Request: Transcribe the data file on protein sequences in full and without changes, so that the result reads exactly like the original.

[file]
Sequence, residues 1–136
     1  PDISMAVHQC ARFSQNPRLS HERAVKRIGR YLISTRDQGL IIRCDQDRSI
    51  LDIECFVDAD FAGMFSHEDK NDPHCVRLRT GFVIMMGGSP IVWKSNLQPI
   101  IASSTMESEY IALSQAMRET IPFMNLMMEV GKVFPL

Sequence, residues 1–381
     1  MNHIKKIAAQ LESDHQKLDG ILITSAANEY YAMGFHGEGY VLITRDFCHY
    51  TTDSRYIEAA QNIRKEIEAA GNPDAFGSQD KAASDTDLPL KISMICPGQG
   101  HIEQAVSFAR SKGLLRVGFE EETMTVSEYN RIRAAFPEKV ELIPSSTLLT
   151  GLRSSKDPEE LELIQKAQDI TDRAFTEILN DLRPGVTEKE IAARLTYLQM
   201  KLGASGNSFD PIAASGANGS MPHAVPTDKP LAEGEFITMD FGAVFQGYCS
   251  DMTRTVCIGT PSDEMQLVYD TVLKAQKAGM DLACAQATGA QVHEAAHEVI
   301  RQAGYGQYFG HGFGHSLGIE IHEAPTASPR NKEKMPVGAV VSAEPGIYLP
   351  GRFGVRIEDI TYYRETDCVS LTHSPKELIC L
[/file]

Sequence, residues 1–136
     1  PDISMAVHQC ARFSQNPRLS HERAVKRIGR YLISTRDQGL IIRCDQDRSI
    51  LDIECFVDAD FAGMFSHEDK NDPHCVRLRT GFVIMMGGSP IVWKSNLQPI
   101  IASSTMESEY IALSQAMRET IPFMNLMMEV GKVFPL

Sequence, residues 1–381
     1  MNHIKKIAAQ LESDHQKLDG ILITSAANEY YAMGFHGEGY VLITRDFCHY
    51  TTDSRYIEAA QNIRKEIEAA GNPDAFGSQD KAASDTDLPL KISMICPGQG
   101  HIEQAVSFAR SKGLLRVGFE EETMTVSEYN RIRAAFPEKV ELIPSSTLLT
   151  GLRSSKDPEE LELIQKAQDI TDRAFTEILN DLRPGVTEKE IAARLTYLQM
   201  KLGASGNSFD PIAASGANGS MPHAVPTDKP LAEGEFITMD FGAVFQGYCS
   251  DMTRTVCIGT PSDEMQLVYD TVLKAQKAGM DLACAQATGA QVHEAAHEVI
   301  RQAGYGQYFG HGFGHSLGIE IHEAPTASPR NKEKMPVGAV VSAEPGIYLP
   351  GRFGVRIEDI TYYRETDCVS LTHSPKELIC L